Why Use Wood?
Rising costs of electricity, oil and gas are making the wood fuel option for domestic heating a very attractive alternative.
• Cheaper than fossil fuels
• An abundant, local resource
• Clean and environmentally friendly
Typically the running costs for a wood fuel system will be 25 per cent less than an equivalent fossil fuel system.
What Fuels to Burn
Alder: Poor heat output and short lasting. A low quality firewood. Produces nice charcoal that burns steadily.
Apple: Great fuel that burns slow and steadily when dry, with little flame, sparking or spitting. It has a pleasing scent. It is easier to cut green. Great for cooking.
Ash: The finest firewood, steady flame and good heat output. It will burn when green, but not as well as when dry. Easy to saw and split.
Beech: Similar to ash, but only burns fair when green. If it has a fault, it may shoot embers out a long way. It is easy to chop.
Birch: This has good heat output but burns quickly. The smell is also pleasant. It will burn unseasoned. Can cause gum deposits in chimney if used a lot. Rolled up pitch from bark makes a good firestarter and can be peeled from trees without damaging them.
Blackthorn: Burns slowly, with lots of heat and little smoke.
Cedar: This is a great wood that puts out a lot of lasting heat. It produces a small flame, a nice scent and lots of crackle and pop. Great splitting wood. Good for cooking.
Cherry: A slow burning wood with good heat output. Has a nice scent. Should be seasoned well. Slow to start.
Douglas Fir: A poor fuel that produces little flame or heat.
Elder: A mediocre fuel that burns quickly without much heat output and tends to have thick acrid smoke. The Hag Goddess is thought to reside in the Elder tree and burning it invites death. Probably best avoided.
Elm: A variable fuel with a high water content. May smoke violently and should be dried for at least two years. You may need faster burning wood to get elm going. A large log set on the fire before bed will burn till morn. Splitting can be difficult and should be done early on. Logs from trees stricken by Dutch Elm Disease can be highly variable as fuel.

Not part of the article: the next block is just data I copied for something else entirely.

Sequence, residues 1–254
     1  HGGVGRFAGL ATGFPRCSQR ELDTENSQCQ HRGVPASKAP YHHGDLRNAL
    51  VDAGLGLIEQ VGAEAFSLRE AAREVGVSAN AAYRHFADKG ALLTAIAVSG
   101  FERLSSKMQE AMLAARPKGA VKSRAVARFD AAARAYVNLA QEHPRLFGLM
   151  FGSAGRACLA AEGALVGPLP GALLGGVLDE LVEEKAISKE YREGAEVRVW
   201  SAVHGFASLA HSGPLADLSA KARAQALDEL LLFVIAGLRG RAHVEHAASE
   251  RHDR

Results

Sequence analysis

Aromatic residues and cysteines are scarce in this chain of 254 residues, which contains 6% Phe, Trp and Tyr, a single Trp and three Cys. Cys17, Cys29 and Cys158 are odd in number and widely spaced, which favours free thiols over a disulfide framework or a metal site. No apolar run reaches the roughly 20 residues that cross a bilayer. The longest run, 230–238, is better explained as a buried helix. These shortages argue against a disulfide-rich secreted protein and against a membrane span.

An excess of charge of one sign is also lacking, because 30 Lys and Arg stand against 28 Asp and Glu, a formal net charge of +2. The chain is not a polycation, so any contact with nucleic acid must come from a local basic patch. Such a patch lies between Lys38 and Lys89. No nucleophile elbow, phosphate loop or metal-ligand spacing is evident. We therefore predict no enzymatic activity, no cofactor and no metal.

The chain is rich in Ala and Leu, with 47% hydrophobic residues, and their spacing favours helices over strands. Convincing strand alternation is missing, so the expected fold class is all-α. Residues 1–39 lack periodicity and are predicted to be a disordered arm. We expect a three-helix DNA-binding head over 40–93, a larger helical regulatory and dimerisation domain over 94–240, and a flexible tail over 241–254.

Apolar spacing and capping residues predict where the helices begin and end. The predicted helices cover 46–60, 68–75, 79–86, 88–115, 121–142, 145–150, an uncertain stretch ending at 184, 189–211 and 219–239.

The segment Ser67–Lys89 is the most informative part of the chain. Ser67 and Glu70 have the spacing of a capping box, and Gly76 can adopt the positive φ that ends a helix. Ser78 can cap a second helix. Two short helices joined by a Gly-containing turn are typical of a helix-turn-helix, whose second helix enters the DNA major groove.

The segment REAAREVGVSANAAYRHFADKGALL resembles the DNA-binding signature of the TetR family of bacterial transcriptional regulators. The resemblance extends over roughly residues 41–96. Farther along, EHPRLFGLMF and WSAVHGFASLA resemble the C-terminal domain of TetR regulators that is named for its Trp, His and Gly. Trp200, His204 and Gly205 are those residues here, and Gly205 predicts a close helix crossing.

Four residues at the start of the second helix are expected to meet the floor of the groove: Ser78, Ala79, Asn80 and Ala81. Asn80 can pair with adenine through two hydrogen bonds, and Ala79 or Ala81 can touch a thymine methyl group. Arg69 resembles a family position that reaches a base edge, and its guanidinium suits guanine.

Eucalyptus: A fast burning wood with a pleasant smell and no spitting. It is full of sap and oils when fresh and can start a chimney fire if burned unseasoned. The stringy wood fibre may be hard to split and one option is to slice it into rings and allow to season and self split. The tree gum produces a fresh medicinal smell when burning which may not be the best for cooking with.
Hawthorn: Good firewood. Burns hot and slow. Traditionally gathered as bundles or 'faggots' for burning in winter.
Hazel: An excellent fast burning fuel but tends to burn up a bit faster than most other hard woods. Allow to season.
Holly: A good firewood that will burn when green, but best if dried a year. It is fast burning with a bright flame but little heat.
Hornbeam: Burns almost as well as beech with a hot slow burning fire.
Horse Chestnut: A low quality firewood with a good flame and heating power but spits a lot.
Laburnum: Completely poisonous tree with acrid smoke that taints food and is best never used.
Larch: Crackly, scented, and fairly good for heat. It needs to be seasoned well and forms an oily soot in chimneys.
Laurel: Produces a brilliant flame.
Lilac: Thinner branches make good kindling, whilst the thicker burn well with a clear flame and a very pleasant smell
Lime: A poor quality fuel with dull flame.
Maple: A good all round firewood.
Oak: Oak has a sparse flame and the smoke is acrid if not seasoned for two years after WINTER FELLING. Summer felled Oak takes YEARS to season well. Dry old oak is excellent for heat, burning slowly and steadily until whole log collapses into cigar-like ash.
Pear: Burns with good heat, good scent and no spitting. Season well!
Pine species generally: (Including the dreaded Leylandii) Burns with a splendid flame, but apt to spit. Needs to be seasoned well and is another oily soot in chimney wood. The resinous Weymouth pine has a lovely scent and a cheerful blue flame. In general, pine wood smells great and its resinous wood makes great kindling. Best used in the evening - on an outdoor fire after a day in the garden.
Plane: Burns pleasantly, but is apt to throw sparks if very dry.
Plum: Wood provides good heat with a nice aromatic scent.
Poplar: A terrible fuel that doesn't burn well and produces a black choking smoke even when seasoned.
Rowan: A good firewood that burns hot and slow.
Rhododendron: Old thick and tough stems burn well.
Robinia (Acacia): Burns slowly, with good heat, but with acrid smoke. Not a problem in a stove!
Spruce: A poor firewood that burns too quickly and with too many sparks.
Sycamore: Burns with a good flame, with moderate heat. Will burn green, but is much better seasoned.
Sweet Chestnut: Burns when seasoned but tends to spit continuously and excessively.
Thorn: One of the best. Burns slowly, great heat and little smoke.
Walnut: Low to good value burning. It has a nice aromatic scent.
Willow: A poor fire wood that must be dry to use. Even when seasoned, it burns slowly, with little flame. Apt to spark.
Yew: This burns slowly, with fierce heat. The scent is pleasant.